Latest version published on 13 November, 2018.By Raniere Silva, Software Sustainability Institute, Stephan Druskat, Humboldt-Universität zu Berlin. ConfOA is the Brazil-Portugal Conference about Open Access and the 9th edition was hosted in Lisbon, Portugal between the 2nd and 4th October 2018. Although the conference only has open access in its name, it is the place to talk about the broader concept of open science with many stakeholders.
Latest version published on 12 November, 2018.By Raniere Silva, Software Sustainability Institute, and Georg Link, University of Nebraska at Omaha. Open communities lack a shared language to talk about metrics and share best practices. Metrics are aggregate information that summarise raw data into a single number, stripping away any context of data. Pedagogical metric displays are an idea for metrics that include an explanation and educates the user on how to interpret the metric. Metrics are inherently biased and can lead to discrimination. Many problems brought up during the MozFest session are worked on in the CHAOSS project.
Latest version published on 9 November, 2018.By Raniere Silva, Software Sustainability Institute.Documentation is, alongside version control, testing/continuous integration and others, one of the best practices for software development and is crucial for new users. In the recent years, with the professionalism of open source drive by companies such as Red Hat, Anaconda (formerly Continuum Analytics), RStudio, Overleaf, we saw not only releases come out faster but also documentation be richer.
Latest version published on 9 November, 2018.By Nikoleta Glynatsi, Cardiff University and Tania Allard, The University of Manchester. The annual PyCon UK took place in Cardiff’s City Hall from Saturday the 15th till Wednesday the 19th of September 2018. The conference included five days of talks, workshops and collaboration. Fellows of the Software Sustainability Institute never fail to attend PyCon UK and once again this year the Fellows played a major role at the conference.
Latest version published on 7 November, 2018.By Becky Arnold, Software Sustainability Institute fellow. As time progresses data is getting big. This presents many scientific opportunities as well as many technical difficulties. On the 12th of September Rob Baxter of EPCC came to University of Sheffield and gave the talk “Demystifying big data, machine learning and all that” about tactics to handle this shift and advice on how to avoid pitfalls.
Latest version published on 9 November, 2018.By Reka Solymosi, Software Sustainability Institute Fellow. This October I attended Crime and fear in public places: Patterns, challenges and actions, an event exploring the topic of safety in public places, with a particular focus on technological developments that have evolved this area of policy and research. In this blog post, I summarise some of the interesting things I learned at the event, but also highlight how the development of the tools was not much of a focus of the conference.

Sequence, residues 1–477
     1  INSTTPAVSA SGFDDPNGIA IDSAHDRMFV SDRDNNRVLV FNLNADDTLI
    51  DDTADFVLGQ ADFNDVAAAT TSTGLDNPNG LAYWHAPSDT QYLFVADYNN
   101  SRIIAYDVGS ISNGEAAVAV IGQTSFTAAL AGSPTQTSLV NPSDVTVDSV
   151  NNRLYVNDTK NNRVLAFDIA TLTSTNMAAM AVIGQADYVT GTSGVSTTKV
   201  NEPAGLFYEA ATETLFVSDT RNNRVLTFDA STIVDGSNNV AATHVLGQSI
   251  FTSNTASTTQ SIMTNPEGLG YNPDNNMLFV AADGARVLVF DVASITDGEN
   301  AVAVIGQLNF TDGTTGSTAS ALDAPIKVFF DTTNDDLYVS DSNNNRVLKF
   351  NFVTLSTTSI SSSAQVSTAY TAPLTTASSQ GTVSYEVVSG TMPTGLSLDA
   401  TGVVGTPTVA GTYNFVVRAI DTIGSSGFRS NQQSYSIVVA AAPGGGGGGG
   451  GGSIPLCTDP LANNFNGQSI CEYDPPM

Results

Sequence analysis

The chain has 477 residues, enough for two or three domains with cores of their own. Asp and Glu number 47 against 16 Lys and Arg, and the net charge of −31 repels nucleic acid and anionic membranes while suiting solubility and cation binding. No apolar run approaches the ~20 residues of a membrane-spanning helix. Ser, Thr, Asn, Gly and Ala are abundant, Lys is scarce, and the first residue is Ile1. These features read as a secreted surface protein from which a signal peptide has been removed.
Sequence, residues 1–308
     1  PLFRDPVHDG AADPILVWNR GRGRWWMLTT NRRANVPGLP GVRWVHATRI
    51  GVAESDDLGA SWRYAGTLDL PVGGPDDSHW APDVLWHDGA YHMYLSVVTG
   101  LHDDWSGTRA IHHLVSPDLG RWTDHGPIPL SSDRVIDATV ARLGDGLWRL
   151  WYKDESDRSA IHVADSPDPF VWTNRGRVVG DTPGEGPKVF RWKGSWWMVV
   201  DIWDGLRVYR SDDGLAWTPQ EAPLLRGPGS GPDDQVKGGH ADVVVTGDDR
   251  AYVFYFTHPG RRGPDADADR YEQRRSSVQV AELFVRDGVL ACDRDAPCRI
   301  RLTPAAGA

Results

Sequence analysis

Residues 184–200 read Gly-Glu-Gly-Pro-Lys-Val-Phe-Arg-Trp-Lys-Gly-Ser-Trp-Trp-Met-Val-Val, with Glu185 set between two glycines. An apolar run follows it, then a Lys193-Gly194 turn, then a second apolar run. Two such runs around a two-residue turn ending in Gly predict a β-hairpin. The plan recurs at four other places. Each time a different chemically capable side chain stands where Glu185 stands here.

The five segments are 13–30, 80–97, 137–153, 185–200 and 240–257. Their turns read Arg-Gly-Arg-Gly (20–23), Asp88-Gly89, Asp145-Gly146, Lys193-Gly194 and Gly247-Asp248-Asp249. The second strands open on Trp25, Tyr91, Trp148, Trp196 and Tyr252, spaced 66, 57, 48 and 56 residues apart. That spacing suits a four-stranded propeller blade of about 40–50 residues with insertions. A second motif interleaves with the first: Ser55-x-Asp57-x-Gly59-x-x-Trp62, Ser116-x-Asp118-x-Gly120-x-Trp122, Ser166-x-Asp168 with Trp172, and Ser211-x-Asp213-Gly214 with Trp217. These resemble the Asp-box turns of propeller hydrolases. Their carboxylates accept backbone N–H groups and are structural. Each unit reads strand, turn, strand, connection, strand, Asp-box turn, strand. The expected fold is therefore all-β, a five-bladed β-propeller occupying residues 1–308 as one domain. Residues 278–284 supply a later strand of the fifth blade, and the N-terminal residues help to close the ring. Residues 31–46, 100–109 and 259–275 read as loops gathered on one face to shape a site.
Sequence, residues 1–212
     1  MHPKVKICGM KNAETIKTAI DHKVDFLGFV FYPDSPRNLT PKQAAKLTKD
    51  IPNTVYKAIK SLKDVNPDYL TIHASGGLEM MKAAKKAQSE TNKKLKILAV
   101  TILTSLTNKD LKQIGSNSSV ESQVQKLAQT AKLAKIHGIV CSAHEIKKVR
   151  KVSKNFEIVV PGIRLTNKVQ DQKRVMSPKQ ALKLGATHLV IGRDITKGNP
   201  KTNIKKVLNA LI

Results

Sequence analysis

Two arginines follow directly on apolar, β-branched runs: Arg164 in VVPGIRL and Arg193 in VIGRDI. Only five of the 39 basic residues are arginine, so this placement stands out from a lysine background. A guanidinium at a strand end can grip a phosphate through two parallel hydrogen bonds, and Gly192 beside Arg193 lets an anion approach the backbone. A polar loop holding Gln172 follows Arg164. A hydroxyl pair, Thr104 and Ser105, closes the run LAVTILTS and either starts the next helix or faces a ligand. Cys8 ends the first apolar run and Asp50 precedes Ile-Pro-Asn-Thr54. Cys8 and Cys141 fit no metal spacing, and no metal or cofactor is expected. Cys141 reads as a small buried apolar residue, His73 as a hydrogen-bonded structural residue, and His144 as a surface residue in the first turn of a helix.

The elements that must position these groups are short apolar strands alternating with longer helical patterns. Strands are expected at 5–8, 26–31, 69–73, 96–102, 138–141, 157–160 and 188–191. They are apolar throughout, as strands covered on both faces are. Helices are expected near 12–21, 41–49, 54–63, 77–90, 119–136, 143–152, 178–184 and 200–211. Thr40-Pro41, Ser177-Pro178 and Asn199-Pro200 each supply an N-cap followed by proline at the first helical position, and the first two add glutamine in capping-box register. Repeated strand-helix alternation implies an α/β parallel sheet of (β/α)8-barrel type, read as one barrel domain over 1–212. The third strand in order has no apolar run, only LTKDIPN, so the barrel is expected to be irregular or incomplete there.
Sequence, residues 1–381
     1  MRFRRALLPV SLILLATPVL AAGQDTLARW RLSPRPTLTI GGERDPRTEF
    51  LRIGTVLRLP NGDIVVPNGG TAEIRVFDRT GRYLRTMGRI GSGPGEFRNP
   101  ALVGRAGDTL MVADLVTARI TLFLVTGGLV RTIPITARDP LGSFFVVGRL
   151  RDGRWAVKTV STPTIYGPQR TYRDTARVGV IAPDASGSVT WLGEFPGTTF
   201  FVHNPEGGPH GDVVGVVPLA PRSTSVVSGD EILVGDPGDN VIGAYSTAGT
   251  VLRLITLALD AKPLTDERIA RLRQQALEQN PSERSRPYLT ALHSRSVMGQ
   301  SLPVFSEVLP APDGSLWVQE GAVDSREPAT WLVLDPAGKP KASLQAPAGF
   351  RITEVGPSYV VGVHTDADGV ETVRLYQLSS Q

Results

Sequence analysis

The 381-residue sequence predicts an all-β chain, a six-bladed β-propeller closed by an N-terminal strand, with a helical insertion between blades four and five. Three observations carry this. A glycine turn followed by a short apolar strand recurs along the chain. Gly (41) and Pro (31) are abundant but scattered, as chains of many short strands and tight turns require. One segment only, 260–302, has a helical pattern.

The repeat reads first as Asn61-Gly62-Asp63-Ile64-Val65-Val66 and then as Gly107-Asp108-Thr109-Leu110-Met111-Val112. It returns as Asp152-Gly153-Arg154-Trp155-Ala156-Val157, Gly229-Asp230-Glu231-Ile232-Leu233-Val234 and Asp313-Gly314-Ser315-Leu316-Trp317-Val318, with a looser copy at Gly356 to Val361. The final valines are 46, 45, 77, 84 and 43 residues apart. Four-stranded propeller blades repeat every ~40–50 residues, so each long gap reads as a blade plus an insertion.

Latest version published on 1 November, 2018.By Yannick Wurm, Software Sustainability Institute Fellow. I spent the week of August 5th at the 18th Congress of the International Society for the Study of Social Insects in Guarujá, Brazil. This is a big quadrennial conference uniting researchers from around the world who study ants, bees, wasps, termites and a few other animals.
Latest version published on 26 October, 2018.By Raniere Silva, Software Sustainability Institute. Following up discussions around culture change and productivity at this year’s Collaborations Workshop (CW18), interoperability is one of Collaborations Workshop 2019 (CW19) themes. The Oxford Dictionary defines interoperability as "the ability of computer systems or software to exchange and make use of information." Today, interoperability is a key factor for researchers, not only because it increases efficiency and accuracy, but also because it makes collaborative efforts more fluent.
Latest version published on 18 October, 2018.By François Michonneau, Erin Becker, and Tracy Teal. The Carpentries has seen a growing interest in individuals, research groups, and institutions wanting to develop lessons for their own domain of research. We are very excited by the potential brought by this growth. Diversifying our lesson offerings means we can extend our reach to new communities, and further disseminate our practices of teaching and collaborative lesson development.
Latest version published on 17 October, 2018.By Gergana Daskalova and Isla Myers-Smith, University of Edinburgh. Coding Club combines online and in-person resources to help teach quantitative skills to people at all career stages working inside and outside academia. Coding Club is focused on trying to overcome "code fear" and "statistics anxiety".